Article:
The more things change the more they stay the same, is the way a Lancashire factory worker describes the incentive schemes tried out in the sheet metal works where he has been employed for 24 years. The factory produces domestic washing coppers, gas drying cabinets and chemical toilets. The number of workers has declined from 600 in the post-war boom to about 100 today. e.s. is 49, a storeman, and a former treasurer of his local cnd group.

A lot of the time, when there’s been trouble, it’s about the money. On the occasions when a complaint or stoppage of work has been long enough and insistent enough to push the shop steward, the foreman or the rate-fixer into the manager’s office, somebody or other hasn’t been getting what he considered the rate for the job.

It isn’t by any means the only grievance or the only criticism that workers make of the management. We’ve had stoppages of work because of the cold or the damp, but usually it’s the money perhaps because on these matters one can get the minimal support of the shop stewards and the potential support of the union. This is what the union is supposed to be for, by tradition.

For instance, the decision to provide snack meals only instead of cooked dinners, at the canteen, hit many of us below the belt, as it were, but between rumour and fait accompli the drift of talk around the dinner tables had not hardened into any decision to see the manager. Of course we knew, by long experience, what the result would have been. We would have been given ‘an explanation’. Under pressure, the manager would often concede that we were entitled to an explanation. A committee of workers could have run the canteen just as a committee runs the Social Club; but such schemes require a stronger leadership, some altruism and a fluent tongue, qualities in short supply here. We can scarcely be called a militant workshop.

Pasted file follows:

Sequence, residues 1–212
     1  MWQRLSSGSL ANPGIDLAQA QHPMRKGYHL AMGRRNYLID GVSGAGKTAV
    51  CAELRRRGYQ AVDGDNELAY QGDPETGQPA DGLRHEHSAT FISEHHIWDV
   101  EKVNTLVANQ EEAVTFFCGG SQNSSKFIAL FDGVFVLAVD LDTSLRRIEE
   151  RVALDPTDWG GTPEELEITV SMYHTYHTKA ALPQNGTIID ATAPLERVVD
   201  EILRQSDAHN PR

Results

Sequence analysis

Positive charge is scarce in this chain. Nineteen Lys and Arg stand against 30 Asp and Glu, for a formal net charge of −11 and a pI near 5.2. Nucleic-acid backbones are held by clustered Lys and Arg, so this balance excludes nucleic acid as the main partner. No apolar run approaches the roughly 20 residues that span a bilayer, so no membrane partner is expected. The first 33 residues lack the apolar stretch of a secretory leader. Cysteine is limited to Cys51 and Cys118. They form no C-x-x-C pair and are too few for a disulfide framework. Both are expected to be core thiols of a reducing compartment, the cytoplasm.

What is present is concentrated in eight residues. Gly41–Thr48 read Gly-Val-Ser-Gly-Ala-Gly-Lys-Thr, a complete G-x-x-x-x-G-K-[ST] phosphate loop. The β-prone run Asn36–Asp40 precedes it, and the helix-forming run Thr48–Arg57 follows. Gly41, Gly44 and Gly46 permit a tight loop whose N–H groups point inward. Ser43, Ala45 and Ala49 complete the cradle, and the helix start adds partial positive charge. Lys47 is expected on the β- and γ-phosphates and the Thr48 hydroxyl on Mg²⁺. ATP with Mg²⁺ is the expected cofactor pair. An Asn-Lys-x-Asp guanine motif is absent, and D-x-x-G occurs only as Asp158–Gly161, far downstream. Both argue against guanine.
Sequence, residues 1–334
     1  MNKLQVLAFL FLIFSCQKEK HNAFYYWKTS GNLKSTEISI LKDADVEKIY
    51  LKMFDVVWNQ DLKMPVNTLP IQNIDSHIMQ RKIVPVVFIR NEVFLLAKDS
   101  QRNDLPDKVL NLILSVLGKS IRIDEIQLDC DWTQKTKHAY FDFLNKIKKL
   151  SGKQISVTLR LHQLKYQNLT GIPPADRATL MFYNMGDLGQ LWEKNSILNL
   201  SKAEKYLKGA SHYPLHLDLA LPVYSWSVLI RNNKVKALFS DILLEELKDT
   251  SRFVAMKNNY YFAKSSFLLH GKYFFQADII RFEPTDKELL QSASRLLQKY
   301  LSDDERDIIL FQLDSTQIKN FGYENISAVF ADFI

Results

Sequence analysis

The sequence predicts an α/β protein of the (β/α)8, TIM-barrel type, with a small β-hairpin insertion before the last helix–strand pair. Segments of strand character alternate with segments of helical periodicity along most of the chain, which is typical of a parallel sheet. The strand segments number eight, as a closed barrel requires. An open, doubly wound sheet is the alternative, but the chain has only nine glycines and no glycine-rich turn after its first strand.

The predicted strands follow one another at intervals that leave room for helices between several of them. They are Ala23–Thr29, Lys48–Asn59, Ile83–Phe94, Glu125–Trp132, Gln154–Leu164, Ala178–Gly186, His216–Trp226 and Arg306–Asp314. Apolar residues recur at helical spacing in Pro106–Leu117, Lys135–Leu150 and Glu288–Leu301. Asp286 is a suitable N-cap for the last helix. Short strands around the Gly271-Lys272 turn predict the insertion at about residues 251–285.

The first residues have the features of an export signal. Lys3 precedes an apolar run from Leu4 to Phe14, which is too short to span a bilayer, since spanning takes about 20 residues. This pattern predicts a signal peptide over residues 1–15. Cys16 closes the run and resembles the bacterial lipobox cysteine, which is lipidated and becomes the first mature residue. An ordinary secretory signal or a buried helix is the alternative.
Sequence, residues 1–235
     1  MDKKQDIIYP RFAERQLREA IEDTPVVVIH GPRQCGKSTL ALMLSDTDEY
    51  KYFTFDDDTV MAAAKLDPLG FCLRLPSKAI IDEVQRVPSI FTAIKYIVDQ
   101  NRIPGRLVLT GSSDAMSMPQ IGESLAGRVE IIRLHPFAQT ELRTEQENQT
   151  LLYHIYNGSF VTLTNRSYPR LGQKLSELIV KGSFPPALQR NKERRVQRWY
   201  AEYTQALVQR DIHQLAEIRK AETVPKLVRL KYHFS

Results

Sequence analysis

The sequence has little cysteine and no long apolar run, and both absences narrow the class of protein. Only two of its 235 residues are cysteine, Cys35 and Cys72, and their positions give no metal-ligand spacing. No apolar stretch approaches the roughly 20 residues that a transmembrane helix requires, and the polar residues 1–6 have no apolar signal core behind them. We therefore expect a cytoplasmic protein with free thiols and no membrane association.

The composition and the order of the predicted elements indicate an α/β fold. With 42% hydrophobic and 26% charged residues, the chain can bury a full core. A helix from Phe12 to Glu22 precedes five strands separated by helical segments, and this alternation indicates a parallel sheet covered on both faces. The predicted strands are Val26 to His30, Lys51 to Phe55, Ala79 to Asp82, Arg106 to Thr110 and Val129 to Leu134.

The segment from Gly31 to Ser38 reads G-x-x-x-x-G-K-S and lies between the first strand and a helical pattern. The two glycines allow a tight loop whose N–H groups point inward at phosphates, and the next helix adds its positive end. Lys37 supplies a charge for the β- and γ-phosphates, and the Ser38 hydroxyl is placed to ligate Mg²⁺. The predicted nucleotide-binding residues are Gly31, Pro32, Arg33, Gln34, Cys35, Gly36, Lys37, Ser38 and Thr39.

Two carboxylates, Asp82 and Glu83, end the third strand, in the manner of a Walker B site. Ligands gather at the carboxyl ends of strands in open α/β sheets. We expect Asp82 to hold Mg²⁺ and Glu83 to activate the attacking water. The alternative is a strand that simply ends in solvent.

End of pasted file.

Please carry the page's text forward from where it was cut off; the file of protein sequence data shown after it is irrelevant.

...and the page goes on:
Before the war, there was no ‘trouble’ about pay; we received the trade union rate; work was seasonal with always the possibility of being laid off in the winter; and with plenty of men on the dole to take their place, few cared to risk being marked as a ‘trouble-maker’.

After the war, in a period of full employment and full order books, many local firms set up bonus schemes in order to keep and attract workers. Ours didn’t. But gradually the stories of bonuses of 30s. or more being earned elsewhere wore down the passivity of the work-staff. Workmen—some of the best the firm had—began to leave. Others came and didn’t stay. Worker-management relations sunk to an all-time low. It wasn’t that the workers could plead poverty (the cost-of-living index had not risen significantly) but they felt they were being exploited.